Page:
When it comes to filing for Social Security, there’s much more to consider than most people tend to realize. Did you know that you can see as much as 32 percent more in a monthly benefit if you are able to delay collecting from age 66 to age 70? Are you familiar with the strategy of file and suspend? File and suspend can be a great strategy for an older married couple that would like to both put off receiving some of their benefits in return for an eventual higher payout, but also begin receiving some money now. With file and suspend, a working husband can file but suspend receiving his payments. However, now that he has filed, his homemaker wife can file for, and begin receiving, her spousal benefits, while the husband’s deferred benefit continues to grow. Sounds great, but there’s now a problem on the near horizon, courtesy of your government: Last October, Congress voted to discontinue file and suspend, effective May 1, 2016. This means that if you see file and suspend as a potential option for you, you will need to act fast.
There can be a lot to filing for Social Security in the way that is most beneficial to you, and further complicating all of this (of course) are the constant efforts by politicians at changing laws to the benefit of Uncle Sam’s tax trough. Jim Blair, a former Social Security Administrator and consultant in Social Security Benefits, gives a very comprehensive treatment to the subject of filing options and strategies in his great ebook The Social Security Retirement Guide. This digital manual is about how to make sure you’re applying for benefits in the best way possible for you (as in, MAXIMIZING your benefits as much as possible), and it’s loaded with all kinds of great information for those seeking to safely and effectively navigate the oft-times treacherous Social Security application waters. It’s important to note that the way the system is set up, you must make the right decisions the first time when completing the application, because it can be practically impossible to make changes once you’ve formally filed. There is a provision to re-file your application within 12 months of your first benefit payout, but that is the only time you may apply again for benefits in your lifetime, and, even then, the appeals process can be very daunting…so you want to do everything you can to get it right the first time.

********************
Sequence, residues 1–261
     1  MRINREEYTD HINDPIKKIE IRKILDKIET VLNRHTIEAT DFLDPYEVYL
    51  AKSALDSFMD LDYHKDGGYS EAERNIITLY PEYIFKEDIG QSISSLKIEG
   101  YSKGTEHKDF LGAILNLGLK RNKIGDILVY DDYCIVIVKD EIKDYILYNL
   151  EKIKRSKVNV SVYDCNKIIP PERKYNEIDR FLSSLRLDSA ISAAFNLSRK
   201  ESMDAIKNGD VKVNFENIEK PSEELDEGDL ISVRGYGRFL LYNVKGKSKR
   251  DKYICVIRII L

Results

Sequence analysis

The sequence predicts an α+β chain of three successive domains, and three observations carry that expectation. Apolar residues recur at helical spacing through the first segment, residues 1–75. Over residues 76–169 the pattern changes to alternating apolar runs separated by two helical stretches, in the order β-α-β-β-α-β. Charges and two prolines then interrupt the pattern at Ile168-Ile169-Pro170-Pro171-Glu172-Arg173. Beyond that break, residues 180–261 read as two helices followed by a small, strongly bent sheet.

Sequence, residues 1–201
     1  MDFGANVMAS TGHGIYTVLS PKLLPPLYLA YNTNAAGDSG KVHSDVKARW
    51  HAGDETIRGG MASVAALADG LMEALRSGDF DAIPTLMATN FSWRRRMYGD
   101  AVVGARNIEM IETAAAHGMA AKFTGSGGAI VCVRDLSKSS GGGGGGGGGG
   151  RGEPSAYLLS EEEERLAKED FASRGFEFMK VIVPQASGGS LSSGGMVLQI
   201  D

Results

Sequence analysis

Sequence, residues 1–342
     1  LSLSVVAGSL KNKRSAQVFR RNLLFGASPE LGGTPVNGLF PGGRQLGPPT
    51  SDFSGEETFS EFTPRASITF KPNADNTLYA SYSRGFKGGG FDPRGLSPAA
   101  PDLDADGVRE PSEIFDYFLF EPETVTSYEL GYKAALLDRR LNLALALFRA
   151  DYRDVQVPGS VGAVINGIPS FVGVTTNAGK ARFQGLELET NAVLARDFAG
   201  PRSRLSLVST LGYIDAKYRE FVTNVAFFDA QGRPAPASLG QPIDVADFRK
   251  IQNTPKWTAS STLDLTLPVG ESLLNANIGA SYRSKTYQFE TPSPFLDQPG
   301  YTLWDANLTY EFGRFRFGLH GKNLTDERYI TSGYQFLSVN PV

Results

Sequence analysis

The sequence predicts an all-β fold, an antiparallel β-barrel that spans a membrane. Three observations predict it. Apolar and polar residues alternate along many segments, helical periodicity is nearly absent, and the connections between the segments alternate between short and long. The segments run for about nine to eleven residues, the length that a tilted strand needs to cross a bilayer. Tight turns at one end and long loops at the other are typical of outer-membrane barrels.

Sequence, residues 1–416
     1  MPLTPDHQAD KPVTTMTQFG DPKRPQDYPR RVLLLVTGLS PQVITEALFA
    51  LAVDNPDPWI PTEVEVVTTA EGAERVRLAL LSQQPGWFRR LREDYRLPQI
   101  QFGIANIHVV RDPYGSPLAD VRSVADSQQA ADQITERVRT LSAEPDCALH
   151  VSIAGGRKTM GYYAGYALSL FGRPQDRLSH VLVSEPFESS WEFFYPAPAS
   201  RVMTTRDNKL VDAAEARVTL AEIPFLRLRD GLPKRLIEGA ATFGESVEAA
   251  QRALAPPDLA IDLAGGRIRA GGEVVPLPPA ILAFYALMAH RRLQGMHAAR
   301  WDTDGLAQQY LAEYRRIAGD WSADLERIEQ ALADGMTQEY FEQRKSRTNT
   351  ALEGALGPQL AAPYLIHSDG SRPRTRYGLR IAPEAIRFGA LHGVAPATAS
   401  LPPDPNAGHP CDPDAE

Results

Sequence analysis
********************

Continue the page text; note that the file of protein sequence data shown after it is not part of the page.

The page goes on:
Anyway, as if the ebook is not enough, purchasers enjoy email support for any questions they may have; considering the price of this book, just $24.95, that is a terrific, added benefit. As a matter of fact, the email contact is also a “live” link at the end of the book, so you can reach out to Blair immediately. What’s more, the product comes with a 60-day, money-back guarantee. It is these kinds of perks that take a very good product into the realm of great. If applying for Social Security benefits is anywhere on your horizon, your parents’ horizon, or that of anyone else who’s important to you, I recommend picking up a copy of The Social Security Retirement Guide as soon as possible.
By Robert G. Yetman, Jr.